“I am not made of stone”
The boldness of Shakespearean adaptation can be a car crash when it goes wrong but when it is right, as in this 1995 version of Richard III, it is utterly thrilling. From the crashing of a tank through walls and subsequent gory executions into the jaunty sway of 1930s music, Ian McKellen and Richard Loncraine’s idiosyncratic reshaping of the story, first seen at the NT in 1992, is cannily and compellingly done. And because it has been done well, one is far more inclined to grant the liberties that have been taken with the text, because they’re reasoned and reasonable.
Relocated to a parallel version of 1930s Britain in which years of civil war has bred fascism, Richard of York’s rise to power has never seemed quite so chilling as it does here. An ingenious use of British landmarks put to different use cleverly disorients the audience but never so much that it seems too far beyond belief. So Battersea Power Station becomes a coastal military base, St Pancras is substituted for Westminster, and the visuals are just stunning throughout, culminating in a genuinely breath-taking rally.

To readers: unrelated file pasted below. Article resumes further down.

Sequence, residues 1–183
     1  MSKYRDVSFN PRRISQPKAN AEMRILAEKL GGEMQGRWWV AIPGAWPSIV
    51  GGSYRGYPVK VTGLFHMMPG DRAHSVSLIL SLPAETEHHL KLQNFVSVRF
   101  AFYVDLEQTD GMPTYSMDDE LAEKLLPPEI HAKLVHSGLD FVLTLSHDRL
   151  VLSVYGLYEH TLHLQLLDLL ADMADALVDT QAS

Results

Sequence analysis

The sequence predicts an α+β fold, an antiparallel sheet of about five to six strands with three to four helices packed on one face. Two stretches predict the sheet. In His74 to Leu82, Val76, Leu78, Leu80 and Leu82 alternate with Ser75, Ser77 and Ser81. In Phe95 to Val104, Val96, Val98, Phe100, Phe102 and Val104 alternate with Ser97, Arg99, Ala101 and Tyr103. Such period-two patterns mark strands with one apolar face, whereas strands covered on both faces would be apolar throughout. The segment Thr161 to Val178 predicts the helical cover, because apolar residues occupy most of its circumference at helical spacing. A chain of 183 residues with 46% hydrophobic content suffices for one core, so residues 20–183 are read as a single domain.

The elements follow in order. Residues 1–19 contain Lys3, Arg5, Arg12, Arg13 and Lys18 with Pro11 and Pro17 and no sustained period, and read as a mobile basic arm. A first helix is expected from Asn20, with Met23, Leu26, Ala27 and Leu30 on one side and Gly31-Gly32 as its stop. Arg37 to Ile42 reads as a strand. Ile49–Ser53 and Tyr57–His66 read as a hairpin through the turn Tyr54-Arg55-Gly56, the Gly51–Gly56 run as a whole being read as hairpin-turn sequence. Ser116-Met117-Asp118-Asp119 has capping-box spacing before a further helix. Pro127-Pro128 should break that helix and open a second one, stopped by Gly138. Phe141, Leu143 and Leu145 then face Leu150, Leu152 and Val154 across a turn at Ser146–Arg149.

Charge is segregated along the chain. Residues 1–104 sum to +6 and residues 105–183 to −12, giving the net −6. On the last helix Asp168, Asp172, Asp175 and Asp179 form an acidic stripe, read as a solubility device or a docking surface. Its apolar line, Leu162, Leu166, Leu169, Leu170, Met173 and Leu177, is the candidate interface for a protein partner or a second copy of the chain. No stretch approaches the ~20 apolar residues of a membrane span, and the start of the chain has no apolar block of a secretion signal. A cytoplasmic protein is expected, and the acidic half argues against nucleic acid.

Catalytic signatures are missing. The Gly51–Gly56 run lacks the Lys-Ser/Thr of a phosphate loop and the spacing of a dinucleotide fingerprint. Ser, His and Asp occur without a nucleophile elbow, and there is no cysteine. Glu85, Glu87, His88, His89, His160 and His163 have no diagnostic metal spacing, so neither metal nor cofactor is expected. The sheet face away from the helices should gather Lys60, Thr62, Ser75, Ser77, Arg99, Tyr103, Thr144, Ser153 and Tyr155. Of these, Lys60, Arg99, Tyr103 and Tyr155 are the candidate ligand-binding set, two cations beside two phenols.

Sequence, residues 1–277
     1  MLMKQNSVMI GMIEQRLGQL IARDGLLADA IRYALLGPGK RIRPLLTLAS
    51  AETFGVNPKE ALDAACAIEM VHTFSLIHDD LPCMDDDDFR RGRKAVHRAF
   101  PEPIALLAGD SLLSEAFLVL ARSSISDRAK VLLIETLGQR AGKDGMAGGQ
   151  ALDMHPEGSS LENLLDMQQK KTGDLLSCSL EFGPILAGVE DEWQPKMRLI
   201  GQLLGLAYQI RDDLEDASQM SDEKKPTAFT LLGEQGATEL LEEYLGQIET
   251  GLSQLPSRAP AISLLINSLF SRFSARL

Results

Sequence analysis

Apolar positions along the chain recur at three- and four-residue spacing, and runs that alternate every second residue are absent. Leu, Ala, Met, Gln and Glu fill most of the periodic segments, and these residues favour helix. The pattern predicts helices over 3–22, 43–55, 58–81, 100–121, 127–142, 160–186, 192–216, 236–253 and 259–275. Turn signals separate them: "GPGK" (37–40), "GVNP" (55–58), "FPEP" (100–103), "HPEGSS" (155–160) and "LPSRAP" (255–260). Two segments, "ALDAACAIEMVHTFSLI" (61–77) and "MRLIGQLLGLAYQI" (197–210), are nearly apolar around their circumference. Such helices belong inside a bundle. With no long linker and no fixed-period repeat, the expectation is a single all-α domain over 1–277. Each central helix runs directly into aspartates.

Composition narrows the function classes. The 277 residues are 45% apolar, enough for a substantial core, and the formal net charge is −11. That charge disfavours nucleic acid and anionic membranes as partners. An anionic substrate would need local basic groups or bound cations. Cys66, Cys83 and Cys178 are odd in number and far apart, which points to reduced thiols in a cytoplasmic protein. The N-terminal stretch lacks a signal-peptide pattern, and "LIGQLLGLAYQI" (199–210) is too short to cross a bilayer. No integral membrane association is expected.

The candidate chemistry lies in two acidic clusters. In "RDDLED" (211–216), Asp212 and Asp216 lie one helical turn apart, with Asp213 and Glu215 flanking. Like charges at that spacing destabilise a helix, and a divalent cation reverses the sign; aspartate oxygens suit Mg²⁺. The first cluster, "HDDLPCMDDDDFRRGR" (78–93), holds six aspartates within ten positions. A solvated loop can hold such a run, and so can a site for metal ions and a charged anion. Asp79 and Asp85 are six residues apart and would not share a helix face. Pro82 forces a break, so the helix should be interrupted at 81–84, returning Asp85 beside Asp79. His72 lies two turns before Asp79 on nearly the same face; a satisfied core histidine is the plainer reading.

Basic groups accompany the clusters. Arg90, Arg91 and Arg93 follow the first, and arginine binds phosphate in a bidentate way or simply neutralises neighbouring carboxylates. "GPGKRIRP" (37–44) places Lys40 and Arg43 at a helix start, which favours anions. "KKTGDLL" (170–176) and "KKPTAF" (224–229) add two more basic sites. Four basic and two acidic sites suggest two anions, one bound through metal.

McKellen plays down the Plantagenet’s disability and plays up his insidious villainy brilliantly, menacing throughout and so comfortable with the verse, whether spitting out orders to his henchmen or slyly inviting our complicity with his asides straight through the fourth wall. And his oiliness when wooing his way into the hearts of Kristin Scott Thomas’ substance-abusing Lady Anne or Annette Bening’s coldly furious Queen Elizabeth is expertly played, it’s a powerful showcase for him indeed and arguably one that laid the groundwork for his subsequent resurgent film career.
And he’s supported by a stellar cast, where even the surprise additions of the likes of Robert Downey Jr (a beefed-up Rivers) don’t disappoint. Maggie Smith’s Duchess of York is scathingly great, her part enlarged too by the excision of Queen Margaret and the shifting over of some of her lines, Adrian Dunbar’s ice-cold Tyrell is a treat as is Jim Broadbent’s Buckingham, Dominic West is a suggestively arrogant Richmond and there’s a clever touch in having the (normally off-stage) Princess Elizabeth in many scenes, her wordless presence keenly felt. An excellent reinvention indeed.